Originally from East Asia, edamame is relatively new to North America—especially to home gardeners. Here’s how to plant and grow edamame in your garden.
Edamame is the name given to the immature soybean pod. Once edamame pods mature, harden, and dry, they are used to make soy milk and tofu. Edamame is usually steamed in water and then eaten by squeezing the beans out of its pod, popping directly into the mouth.
Edamame requires a long growing season.
Like bush beans, edamame grows from 1 to 3 feet tall and does not require staking.
Plant in full sun in compost-enriched, well-drained soil when temperatures reach at least 60 degrees F.
Set seeds 1 to 2 inches deep, 2 to 4 inches apart, in rows 2 feet apart.
Stagger the sowing time. Plant again about 10 days after the first sowing for a second harvest.
Thin seedlings to 6 inches apart when the plants are 4 inches tall.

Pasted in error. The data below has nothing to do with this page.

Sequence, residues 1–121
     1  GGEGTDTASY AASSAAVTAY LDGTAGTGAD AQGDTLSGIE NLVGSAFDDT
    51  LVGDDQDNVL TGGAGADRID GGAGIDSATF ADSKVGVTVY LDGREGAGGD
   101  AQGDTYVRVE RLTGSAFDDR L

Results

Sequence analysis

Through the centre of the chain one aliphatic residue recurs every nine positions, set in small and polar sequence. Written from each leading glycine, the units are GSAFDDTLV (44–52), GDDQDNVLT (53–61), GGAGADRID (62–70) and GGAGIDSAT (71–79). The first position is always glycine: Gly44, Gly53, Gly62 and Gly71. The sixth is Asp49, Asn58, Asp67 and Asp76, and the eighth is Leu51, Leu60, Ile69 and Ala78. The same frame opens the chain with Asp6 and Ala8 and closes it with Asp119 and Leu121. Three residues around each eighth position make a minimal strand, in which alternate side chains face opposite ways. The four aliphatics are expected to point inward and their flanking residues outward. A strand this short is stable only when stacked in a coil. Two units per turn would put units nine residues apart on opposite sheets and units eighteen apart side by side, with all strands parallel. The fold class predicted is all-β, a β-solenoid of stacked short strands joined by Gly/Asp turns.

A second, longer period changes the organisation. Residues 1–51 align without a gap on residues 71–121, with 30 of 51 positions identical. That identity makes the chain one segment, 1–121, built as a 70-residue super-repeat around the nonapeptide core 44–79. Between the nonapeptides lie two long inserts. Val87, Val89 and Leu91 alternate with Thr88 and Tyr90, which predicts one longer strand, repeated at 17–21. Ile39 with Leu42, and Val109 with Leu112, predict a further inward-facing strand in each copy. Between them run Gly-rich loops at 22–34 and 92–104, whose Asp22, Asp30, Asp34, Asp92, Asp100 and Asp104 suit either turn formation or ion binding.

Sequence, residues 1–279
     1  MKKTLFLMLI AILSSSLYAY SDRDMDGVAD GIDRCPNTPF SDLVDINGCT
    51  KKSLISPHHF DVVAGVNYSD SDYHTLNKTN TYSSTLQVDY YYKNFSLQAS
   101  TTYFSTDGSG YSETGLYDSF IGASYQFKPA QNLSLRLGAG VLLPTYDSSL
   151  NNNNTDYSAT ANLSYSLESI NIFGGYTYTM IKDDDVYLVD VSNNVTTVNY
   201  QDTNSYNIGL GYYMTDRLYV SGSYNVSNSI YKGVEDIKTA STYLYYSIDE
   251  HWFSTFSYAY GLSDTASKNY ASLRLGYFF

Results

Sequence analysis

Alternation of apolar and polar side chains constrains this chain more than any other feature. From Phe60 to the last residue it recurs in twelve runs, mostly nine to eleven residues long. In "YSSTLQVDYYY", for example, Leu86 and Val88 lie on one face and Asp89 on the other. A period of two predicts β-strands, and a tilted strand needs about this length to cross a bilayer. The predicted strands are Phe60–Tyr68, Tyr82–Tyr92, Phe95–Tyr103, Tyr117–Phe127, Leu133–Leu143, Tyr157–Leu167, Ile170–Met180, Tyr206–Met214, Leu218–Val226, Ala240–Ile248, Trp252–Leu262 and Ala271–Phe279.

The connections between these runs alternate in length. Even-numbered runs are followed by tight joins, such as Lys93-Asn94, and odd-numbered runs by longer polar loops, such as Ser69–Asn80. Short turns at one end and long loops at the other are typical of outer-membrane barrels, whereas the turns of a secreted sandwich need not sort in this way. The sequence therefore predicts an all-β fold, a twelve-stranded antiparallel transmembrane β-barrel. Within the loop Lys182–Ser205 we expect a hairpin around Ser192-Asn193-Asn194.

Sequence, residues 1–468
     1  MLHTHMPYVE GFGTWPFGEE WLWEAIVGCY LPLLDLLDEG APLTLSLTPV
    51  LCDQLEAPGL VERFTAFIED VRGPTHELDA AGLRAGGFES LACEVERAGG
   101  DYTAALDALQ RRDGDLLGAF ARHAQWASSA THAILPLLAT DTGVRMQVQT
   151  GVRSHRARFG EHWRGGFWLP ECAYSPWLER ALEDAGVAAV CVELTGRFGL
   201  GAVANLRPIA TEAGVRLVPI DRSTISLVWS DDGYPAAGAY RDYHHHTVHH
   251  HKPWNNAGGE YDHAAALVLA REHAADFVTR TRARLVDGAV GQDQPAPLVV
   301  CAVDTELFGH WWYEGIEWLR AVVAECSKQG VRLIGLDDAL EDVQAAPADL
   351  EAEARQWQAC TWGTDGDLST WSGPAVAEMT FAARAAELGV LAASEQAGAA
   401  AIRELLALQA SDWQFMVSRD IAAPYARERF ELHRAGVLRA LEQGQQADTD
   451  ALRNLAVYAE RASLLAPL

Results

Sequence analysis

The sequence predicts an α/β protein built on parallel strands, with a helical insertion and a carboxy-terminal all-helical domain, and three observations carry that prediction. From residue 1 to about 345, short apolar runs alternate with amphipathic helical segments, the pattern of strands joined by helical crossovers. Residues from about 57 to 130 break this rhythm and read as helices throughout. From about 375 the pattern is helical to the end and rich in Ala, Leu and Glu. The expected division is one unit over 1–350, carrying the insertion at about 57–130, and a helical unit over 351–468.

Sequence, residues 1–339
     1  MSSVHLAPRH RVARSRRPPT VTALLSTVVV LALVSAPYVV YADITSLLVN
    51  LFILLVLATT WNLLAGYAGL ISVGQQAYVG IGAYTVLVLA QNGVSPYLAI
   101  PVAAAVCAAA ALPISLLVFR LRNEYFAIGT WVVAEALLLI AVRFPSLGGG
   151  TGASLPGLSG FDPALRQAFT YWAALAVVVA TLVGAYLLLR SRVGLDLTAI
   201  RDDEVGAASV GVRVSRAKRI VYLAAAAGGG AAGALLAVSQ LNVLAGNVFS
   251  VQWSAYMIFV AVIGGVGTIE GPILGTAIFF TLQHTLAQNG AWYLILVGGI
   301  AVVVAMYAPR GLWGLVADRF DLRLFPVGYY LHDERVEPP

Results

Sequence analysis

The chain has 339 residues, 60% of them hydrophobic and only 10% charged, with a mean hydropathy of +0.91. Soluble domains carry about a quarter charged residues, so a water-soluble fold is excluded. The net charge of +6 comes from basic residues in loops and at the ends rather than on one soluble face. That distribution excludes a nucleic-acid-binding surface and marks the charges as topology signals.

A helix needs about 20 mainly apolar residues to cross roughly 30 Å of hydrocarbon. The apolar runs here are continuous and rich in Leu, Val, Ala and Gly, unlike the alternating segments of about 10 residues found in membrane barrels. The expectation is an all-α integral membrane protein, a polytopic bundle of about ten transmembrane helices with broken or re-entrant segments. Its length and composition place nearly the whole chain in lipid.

Apply mulch to control weeds and maintain moisture.
Water regularly throughout the season and especially after flowers and pods appear.
Weed shallowly to avoid disturbing the edamame plants’ roots.
Mexican Bean Beetles
Edamame pods are ready to harvest when they are 2 to 3 inches long, bright green and plump. Snap or cut the pods off the plant. Do not tear the plant.
Store fresh edamame in an airtight container or a plastic bag in the refrigerator.
Blanched edamame can be frozen shelled or in the pods.
Harvest dry soybeans when the plant and leaves are dry and brown and the seeds inside the pods rattle. Pull up the plants and hang them in a dark and dry area until the pods are completely dry.
Store dried beans in an airtight container in a dark, cool and dry location.
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